Israeli HMOs Say Method of Insuring Palestinians Loses Them Money

The decision to extend health care coverage to thousands of Palestinians living in Israel under family unification arrangements set premiums that are too low, HMOs say.

Ido Efrati
Ido Efrati
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A clinic in Tel Aviv (illustrative). Credit: Moti Milrod
Ido Efrati
Ido Efrati

Extending health coverage to Palestinians allowed to live in Israel under family unification arrangements will cause undue losses to the country’s health maintenance organizations, the HMOs told the High Court of Justice on Tuesday, during the first hearing on a petition they’d filed on the matter.

The decision in March to extend health care coverage to thousands of such Palestinians set premiums that are too low, and makes the HMOs themselves responsible for collecting them. This is not the case with Israelis, who pay their health taxes to the National Insurance Institute.

In March, Health Minister Yael German and Finance Minister Yair Lapid announced that Israel would for the first time allow the foreign spouses and children of Israeli citizens and residents who do not have formal status to get health coverage from the country’s four major HMOs.

The regulations, whose primary beneficiaries are Palestinians married to Israeli Arabs, offer almost all the services included in the basket of health services for 285 shekels ($79) a month per person, or 570 shekels per family. While there are waiting periods before coverage is effective, during which the premiums must be paid, those insured will be allowed to request retroactive refunds for any health services they had to pay for during the waiting period.

“This move is simply worthy, humane and correct,” German said when she signed the regulations.

But according to the HMOs, the premiums set will result in substantially lower income than what the HMOs get for Israeli citizens. “In the end, the HMOs get some 4,000 shekels a year for each [Israeli] insured, compared to only 3,200 in this case. This short-changing will cause losses to the HMOs,” explained attorney Paz Moser of the Lieblich-Moser law firm, which is representing the Leumit HMO.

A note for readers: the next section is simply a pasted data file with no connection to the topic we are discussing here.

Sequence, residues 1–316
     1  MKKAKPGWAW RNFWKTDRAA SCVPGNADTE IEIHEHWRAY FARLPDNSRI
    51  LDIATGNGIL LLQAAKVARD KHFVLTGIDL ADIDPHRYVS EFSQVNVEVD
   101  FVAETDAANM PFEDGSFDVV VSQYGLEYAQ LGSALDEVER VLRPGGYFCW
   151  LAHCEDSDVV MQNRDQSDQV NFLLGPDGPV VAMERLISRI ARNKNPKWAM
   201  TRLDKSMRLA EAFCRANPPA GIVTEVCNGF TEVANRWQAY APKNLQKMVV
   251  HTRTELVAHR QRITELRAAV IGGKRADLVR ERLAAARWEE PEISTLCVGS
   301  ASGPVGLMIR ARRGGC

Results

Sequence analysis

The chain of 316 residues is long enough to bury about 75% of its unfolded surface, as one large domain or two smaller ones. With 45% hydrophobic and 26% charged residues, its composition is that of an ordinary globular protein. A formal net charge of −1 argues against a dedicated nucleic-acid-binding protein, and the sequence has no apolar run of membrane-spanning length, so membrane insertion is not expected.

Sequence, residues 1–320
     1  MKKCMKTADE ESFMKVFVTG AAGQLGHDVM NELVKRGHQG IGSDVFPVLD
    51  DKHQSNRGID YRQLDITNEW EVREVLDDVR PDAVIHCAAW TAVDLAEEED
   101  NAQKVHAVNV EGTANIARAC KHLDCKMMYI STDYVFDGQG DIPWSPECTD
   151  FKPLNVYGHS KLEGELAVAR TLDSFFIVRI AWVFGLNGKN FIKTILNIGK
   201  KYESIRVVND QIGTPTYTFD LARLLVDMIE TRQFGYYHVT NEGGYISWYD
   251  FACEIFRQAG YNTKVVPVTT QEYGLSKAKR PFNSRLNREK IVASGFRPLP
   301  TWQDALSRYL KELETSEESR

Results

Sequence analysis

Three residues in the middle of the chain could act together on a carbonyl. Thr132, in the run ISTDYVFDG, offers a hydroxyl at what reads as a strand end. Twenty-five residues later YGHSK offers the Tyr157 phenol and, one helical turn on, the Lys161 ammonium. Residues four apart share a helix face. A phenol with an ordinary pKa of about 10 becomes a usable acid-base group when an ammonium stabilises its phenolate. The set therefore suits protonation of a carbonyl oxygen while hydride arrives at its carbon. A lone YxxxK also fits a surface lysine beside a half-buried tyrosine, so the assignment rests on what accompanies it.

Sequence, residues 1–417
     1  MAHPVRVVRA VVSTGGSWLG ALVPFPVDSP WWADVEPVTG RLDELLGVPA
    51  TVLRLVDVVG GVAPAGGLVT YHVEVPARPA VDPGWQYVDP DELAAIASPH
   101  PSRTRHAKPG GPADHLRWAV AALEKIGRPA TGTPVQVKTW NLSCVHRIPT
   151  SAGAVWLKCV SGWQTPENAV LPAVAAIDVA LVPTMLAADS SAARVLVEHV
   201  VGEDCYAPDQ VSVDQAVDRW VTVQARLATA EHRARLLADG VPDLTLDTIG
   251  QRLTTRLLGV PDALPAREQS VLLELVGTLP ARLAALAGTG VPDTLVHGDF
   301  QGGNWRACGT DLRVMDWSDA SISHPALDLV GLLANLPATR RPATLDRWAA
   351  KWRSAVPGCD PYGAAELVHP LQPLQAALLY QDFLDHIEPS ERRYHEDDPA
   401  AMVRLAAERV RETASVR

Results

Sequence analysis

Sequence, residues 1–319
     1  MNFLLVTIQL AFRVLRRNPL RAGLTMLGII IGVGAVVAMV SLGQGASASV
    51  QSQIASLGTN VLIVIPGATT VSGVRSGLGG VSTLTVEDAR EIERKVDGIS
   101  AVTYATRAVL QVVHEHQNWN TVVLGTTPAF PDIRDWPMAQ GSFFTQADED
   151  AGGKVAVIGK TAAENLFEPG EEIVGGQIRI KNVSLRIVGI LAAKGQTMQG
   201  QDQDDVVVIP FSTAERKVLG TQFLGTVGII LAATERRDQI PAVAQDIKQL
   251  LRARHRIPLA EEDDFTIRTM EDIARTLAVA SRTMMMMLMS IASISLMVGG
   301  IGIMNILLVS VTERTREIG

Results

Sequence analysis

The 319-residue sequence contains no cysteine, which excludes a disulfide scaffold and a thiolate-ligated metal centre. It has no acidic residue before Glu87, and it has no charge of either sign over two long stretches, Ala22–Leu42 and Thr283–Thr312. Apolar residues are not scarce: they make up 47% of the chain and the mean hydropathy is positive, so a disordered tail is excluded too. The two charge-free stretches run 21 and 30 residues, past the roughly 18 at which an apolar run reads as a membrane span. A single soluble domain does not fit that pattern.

Moreover, the HMOs claim, the state has made the HMOs themselves responsible for collecting the premiums directly from the newly insured Palestinians. “This means setting up a collection apparatus and new enforcement mechanisms in East Jerusalem,” where most of these potential clients reside, Moser said. “This isn’t realistic, and for some of the HMOs, who have relatively few Palestinians insured, setting up such a system will cost more than what they will collect.”

The HMOs added that the new regulations stipulate that even if these insured Palestinians fail to pay their premiums, the HMOs are required to provide them health care for 105 days before they can turn them away.

“We say that if the state wants to treat them like insured Israelis, then treat them the same way also in terms of payment and collection – that [the state] use its own collection mechanism to collect money from them and price the services similar to the way it’s done for Israeli citizens, and not at a loss,” Moser said.

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